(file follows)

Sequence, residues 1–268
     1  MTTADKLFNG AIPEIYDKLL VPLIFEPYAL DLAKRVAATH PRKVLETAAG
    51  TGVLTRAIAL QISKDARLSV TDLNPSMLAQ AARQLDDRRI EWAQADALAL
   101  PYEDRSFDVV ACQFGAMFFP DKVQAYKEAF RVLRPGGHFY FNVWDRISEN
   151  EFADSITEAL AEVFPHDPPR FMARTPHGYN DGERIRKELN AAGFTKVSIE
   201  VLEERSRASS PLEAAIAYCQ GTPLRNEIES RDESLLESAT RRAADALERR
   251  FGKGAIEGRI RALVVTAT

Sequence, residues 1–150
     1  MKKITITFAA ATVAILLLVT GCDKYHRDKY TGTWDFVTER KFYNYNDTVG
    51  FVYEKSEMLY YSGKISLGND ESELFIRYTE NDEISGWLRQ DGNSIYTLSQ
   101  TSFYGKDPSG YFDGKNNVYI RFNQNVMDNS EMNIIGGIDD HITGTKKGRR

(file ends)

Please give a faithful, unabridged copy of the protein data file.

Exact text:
Sequence, residues 1–268
     1  MTTADKLFNG AIPEIYDKLL VPLIFEPYAL DLAKRVAATH PRKVLETAAG
    51  TGVLTRAIAL QISKDARLSV TDLNPSMLAQ AARQLDDRRI EWAQADALAL
   101  PYEDRSFDVV ACQFGAMFFP DKVQAYKEAF RVLRPGGHFY FNVWDRISEN
   151  EFADSITEAL AEVFPHDPPR FMARTPHGYN DGERIRKELN AAGFTKVSIE
   201  VLEERSRASS PLEAAIAYCQ GTPLRNEIES RDESLLESAT RRAADALERR
   251  FGKGAIEGRI RALVVTAT

Sequence, residues 1–150
     1  MKKITITFAA ATVAILLLVT GCDKYHRDKY TGTWDFVTER KFYNYNDTVG
    51  FVYEKSEMLY YSGKISLGND ESELFIRYTE NDEISGWLRQ DGNSIYTLSQ
   101  TSFYGKDPSG YFDGKNNVYI RFNQNVMDNS EMNIIGGIDD HITGTKKGRR